Mauritania was again the country where slavery was most prevalent by head of population while Qatar, host of the 2022 World Cup, rose up the rank from 96th place to be listed as the fourth worst country by percentage of the population.
“From children denied an education by being forced to work or marry early, to men unable to leave their work because of crushing debts they owe to recruitment agents, to women and girls exploited as unpaid, abused domestic workers, modern slavery has many faces,” the report said.
“It still exists today, in every country – modern slavery affects us all.”
The index defines slavery as the control or possession of people in such a way as to deprive them of their freedom with the intention of exploiting them for profit or sex, usually through violence, coercion or deception.
The definition includes indentured servitude, forced marriage and the abduction of children to serve in wars.
Hereditary slavery is deeply entrenched in the West African country of Mauritania, where four percent of the population of 3.9 million is estimated to be enslaved, the report said.
After Mauritania, slavery was most prevalent in Uzbekistan, where citizens are forced to pick cotton every year to meet state-imposed cotton quotas, and Haiti, where the practice of sending poor children to stay with richer acquaintances or relatives routinely leads to abuse and forced labour, it said. …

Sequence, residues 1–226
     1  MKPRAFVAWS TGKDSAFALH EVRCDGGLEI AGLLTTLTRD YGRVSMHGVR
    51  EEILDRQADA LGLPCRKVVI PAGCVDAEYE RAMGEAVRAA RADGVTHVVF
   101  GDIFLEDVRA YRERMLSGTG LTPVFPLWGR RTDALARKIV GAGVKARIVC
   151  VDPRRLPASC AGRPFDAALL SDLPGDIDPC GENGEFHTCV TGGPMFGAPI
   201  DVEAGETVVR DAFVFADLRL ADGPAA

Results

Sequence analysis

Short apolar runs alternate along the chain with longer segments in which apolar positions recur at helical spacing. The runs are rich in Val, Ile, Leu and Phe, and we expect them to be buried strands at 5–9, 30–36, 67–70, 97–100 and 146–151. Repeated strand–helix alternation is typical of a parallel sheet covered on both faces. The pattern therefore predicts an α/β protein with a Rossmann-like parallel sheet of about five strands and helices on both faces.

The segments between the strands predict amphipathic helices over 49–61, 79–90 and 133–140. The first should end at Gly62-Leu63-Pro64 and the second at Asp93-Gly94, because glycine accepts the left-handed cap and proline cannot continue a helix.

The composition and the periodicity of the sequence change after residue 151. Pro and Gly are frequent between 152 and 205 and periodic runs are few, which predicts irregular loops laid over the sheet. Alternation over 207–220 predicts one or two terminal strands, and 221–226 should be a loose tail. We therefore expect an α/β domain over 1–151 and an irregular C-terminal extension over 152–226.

The next highest prevalence rates were found in India, Pakistan, Democratic Republic of Congo, Sudan, Syria and Central African Republic.
The index showed that 10 countries alone account for 71 percent of the world’s slaves.
After India, China has the most with 3.2 million, then Pakistan (2.1 million), Uzbekistan (1.2 million), Russia (1.05 million), Nigeria (834,200), Democratic Republic of Congo (762,900), Indonesia (714,100), Bangladesh (680,900) and Thailand (475,300).
And last year’s report by the Walk Free Foundation recorded this shocking information:
The United States, per capita, has a very low rate of slavery: just 0.02 percent, or one in every 5,000 people. But that adds up to a lot: an estimated 60,000 slaves, right here in America.
And this year?
Here’s the 2014 Walk Free Foundation’s map: